How is food transported in plants?

By Ritesh|Updated : November 7th, 2022

The food transported in plants occurs through translocation where phloem helps in the transportation of food from leaves to other organs. The multicellular, photosynthetic eukaryotes known as plants are classified in their own kingdom, the Plantae. Plants contain distinct cells with specialized organs that are mostly used for cellular processes. Because of the presence of specific structures in plant cells, plants are the only living species that can produce their own sustenance.

Food Transported in Plants

  • Transportation is absolutely critical for getting different vital nutrients, water, and other things to different regions of the body in all living things.
  • When it comes to plants, the process of moving food from the leaves to various areas of the plant is referred to as translocation.


  • In the case of plants, the artificially created food is kept via a number of storage organs, such as stems, fruits, roots, etc.
  • Phloem, a type of vascular tissue, aids in moving the food that has been created from the leaves to different storage organs.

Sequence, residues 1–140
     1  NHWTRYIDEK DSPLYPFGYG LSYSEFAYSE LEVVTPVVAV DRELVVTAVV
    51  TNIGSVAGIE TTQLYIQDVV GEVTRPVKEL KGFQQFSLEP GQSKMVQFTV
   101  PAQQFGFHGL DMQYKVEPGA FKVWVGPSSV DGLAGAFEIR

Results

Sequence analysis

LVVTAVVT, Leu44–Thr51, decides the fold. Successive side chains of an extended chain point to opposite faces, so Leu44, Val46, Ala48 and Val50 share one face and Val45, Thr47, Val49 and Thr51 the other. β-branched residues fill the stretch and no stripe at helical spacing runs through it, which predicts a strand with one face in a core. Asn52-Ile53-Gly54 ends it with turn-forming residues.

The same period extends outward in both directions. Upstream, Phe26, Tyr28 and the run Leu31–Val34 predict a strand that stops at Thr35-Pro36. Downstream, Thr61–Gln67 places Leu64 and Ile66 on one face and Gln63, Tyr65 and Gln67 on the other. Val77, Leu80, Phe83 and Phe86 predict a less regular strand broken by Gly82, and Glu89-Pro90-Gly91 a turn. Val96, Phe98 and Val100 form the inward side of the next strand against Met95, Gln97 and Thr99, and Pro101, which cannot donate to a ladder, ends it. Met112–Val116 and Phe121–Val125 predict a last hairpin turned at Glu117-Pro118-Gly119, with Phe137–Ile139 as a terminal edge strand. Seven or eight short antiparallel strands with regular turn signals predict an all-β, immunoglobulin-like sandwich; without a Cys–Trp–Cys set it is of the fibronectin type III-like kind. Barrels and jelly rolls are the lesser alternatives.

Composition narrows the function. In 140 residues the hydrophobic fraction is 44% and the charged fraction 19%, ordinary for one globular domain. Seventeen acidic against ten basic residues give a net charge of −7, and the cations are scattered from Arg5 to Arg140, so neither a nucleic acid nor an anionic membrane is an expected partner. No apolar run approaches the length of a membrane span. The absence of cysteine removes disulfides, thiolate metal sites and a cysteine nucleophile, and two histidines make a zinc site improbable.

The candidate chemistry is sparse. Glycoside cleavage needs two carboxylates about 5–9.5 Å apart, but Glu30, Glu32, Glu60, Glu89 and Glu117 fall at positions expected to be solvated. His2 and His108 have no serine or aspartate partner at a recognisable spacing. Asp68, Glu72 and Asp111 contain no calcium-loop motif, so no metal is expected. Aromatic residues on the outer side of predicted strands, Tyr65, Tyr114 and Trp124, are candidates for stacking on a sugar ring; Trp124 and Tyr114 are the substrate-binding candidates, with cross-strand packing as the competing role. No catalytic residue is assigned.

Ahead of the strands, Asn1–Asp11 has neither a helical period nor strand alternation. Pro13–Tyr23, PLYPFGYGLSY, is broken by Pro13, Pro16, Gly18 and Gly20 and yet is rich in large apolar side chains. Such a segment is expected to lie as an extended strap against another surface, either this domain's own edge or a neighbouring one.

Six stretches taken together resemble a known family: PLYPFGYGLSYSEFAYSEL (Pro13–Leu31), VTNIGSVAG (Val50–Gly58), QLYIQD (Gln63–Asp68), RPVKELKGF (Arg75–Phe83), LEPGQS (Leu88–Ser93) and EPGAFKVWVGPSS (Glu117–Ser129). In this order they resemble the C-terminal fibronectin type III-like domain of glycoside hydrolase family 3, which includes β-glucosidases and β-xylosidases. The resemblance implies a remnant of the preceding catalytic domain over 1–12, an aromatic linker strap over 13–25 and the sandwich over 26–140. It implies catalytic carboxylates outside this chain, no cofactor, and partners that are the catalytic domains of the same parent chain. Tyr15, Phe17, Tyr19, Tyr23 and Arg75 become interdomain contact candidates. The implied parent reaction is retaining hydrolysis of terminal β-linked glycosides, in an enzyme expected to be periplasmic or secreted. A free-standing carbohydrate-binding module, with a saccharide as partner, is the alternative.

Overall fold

• All vascular plants have phloem, an intricate permanent tissue.
  • Phloem is made up of a variety of components, including companion cells, sieve tubes, phloem parenchyma, and phloem fibers.
  • Phloem in plants transports food in both upward and downward directions, or in a bidirectional manner.
  • For the process of translocation to take place, ATP is absolutely necessary.


How is food transported in plants?

Phloem aids in the transfer of food from leaves to other organs, which occurs when food is delivered in plants. The Plantae is the designated kingdom for the multicellular, photosynthetic eukaryotes known as plants.


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